Tuesday, 19 October 2010

Trigger litigation

On 16 October, I mentioned the Court of Appeal judgement that has set the cat amongst the pigeons in terms of mesothelioma damages claims.  An article written by Sarah Hunt of Shoomiths, a national UK law firm, summaries the position clearly and succinctly, so I have reproduced it below.  

One step forward, two steps back as they say.  Let's hope the Supreme Court can sort this out quickly and rationally........

Mesothelioma victims face delay and uncertainty following 'trigger litigation'

Following the Court of Appeal's long-awaited decision on interpretation of insurance policies in mesothelioma claims - known as the 'trigger litigation' - the judgment has only increased asbestos victims' uncertainty.
A person may be exposed to asbestos negligently as long as 50 years before they actually develop mesothelioma, an asbestos related cancer. 
Three insurance companies asked the courts to consider the wording of their policies to determine when they would have to pay out – either when the exposure to the asbestos occurred or when someone develops symptoms.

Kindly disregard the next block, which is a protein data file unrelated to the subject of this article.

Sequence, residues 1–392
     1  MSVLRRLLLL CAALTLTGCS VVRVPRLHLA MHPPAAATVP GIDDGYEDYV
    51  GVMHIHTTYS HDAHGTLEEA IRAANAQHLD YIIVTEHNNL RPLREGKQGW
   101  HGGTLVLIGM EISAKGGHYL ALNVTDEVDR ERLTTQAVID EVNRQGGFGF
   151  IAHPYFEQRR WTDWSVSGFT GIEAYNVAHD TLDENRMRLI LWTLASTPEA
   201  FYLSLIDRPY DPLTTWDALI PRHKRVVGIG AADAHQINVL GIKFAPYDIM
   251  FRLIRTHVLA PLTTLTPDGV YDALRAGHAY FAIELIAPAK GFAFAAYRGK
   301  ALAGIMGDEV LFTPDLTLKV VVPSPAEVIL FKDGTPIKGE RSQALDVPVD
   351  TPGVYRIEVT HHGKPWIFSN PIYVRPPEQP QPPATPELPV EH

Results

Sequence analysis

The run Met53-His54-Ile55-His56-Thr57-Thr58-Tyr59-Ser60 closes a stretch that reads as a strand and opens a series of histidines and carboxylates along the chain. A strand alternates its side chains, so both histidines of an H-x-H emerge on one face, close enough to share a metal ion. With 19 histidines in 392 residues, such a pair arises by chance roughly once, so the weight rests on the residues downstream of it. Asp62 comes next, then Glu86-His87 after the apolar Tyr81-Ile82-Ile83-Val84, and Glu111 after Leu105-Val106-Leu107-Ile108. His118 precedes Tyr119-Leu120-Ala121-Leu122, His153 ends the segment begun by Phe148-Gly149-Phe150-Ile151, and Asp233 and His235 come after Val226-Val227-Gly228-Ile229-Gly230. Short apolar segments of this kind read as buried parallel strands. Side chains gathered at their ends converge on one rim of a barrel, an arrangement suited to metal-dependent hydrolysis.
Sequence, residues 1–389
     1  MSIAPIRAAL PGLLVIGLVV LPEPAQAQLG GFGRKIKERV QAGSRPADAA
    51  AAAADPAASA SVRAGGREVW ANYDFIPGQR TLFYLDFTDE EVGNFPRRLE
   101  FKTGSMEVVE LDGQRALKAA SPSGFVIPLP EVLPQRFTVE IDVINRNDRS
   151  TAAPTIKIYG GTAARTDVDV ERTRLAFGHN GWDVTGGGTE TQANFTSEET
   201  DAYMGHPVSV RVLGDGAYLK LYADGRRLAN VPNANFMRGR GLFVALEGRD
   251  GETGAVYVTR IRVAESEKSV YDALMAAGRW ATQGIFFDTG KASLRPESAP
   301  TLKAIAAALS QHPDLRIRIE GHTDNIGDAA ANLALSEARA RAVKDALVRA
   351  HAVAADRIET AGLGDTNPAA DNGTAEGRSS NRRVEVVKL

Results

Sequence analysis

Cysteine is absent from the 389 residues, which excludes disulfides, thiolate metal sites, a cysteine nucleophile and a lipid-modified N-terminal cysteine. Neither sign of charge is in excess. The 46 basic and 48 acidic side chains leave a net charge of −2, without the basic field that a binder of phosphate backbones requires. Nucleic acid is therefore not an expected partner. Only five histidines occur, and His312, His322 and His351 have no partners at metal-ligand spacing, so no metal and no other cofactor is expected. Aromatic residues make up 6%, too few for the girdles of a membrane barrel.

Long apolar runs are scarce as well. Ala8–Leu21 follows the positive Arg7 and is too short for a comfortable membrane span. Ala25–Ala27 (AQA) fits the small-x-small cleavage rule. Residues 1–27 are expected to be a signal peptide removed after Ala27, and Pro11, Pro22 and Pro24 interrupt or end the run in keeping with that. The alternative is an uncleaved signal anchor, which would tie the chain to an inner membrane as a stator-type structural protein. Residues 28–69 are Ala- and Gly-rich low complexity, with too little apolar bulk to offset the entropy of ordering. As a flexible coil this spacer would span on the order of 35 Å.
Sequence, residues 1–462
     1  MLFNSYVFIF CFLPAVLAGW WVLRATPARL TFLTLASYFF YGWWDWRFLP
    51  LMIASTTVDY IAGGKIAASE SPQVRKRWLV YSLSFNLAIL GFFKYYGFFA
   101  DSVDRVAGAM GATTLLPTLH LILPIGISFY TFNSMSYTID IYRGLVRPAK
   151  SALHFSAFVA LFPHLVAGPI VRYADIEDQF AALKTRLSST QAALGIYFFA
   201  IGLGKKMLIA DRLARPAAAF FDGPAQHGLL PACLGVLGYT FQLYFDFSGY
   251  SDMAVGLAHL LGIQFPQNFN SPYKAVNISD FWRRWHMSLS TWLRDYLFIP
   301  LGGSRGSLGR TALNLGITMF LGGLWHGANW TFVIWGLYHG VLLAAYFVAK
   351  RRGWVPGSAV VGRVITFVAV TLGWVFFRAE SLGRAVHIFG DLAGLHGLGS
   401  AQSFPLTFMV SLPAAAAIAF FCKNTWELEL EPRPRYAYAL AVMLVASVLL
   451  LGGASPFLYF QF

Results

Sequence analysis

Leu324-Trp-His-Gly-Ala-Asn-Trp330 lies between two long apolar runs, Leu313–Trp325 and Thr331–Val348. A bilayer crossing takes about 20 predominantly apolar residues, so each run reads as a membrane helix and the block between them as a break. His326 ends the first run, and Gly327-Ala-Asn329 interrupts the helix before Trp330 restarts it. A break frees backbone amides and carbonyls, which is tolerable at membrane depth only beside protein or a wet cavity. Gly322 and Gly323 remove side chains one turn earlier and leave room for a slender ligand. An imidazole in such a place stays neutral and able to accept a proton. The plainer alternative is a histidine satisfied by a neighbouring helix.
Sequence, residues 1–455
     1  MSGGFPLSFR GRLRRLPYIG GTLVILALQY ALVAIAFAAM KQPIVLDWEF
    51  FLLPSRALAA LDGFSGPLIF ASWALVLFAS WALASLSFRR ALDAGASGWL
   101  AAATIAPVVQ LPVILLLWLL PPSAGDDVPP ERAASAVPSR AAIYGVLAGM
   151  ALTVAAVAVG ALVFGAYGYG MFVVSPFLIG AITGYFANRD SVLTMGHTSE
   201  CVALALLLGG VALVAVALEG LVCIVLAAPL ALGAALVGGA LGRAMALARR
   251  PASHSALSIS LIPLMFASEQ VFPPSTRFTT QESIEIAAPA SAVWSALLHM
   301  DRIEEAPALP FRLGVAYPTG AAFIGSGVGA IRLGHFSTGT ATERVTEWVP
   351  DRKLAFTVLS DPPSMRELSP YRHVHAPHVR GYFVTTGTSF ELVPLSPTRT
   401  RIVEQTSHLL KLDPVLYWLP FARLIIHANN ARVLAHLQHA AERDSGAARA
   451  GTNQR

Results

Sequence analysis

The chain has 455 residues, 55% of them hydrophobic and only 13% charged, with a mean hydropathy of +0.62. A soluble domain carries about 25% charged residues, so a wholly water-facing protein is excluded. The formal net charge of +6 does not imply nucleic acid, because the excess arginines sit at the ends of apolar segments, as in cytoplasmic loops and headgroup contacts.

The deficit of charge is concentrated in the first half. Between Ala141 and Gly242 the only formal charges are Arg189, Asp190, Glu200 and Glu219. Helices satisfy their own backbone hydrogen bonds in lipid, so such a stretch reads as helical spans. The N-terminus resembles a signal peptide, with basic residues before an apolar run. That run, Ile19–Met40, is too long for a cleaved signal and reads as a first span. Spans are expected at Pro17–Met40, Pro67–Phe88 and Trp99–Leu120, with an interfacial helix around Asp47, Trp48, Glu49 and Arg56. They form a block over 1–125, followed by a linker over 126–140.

In 2008, the High Court determined that it was the insurers providing cover when the asbestos was inhaled that would have to pay.
The decision meant greater access to justice for victims of asbestos, because if the court had found that the trigger was when symptoms developed, people would be prevented from bringing a claim if the insurance company was no longer in existence and therefore unable to pay out.
Of course, insurers providing companies with cover against asbestos exposure – and who were 'on cover' at the time the symptoms developed - were for years receiving insurance premiums, but have now avoided having to pay out on claims.
However, the Court of Appeal examined individual insurance policies, finding that in some cases it would be the insurers who were on cover at the time of the exposure that would pay out; while in others, it was the insurers who were on cover when the symptoms started.
The decision was further complicated by the three Court of Appeal judges taking three different approaches in reaching their decision.
This has created uncertainty for both insurers, who don't have clear guidance from the court about how the wording of their policies will be interpreted; and for people diagnosed with mesothelioma who are left uncertain whether they will be able to claim for the debilitating and ultimately fatal illness they're suffering from.
The insurers involved have been given permission to appeal the decision, which means there will be no certainty until the Supreme Court rules.
Many mesothelioma victims are unlikely to survive to hear the outcome of the appeal.

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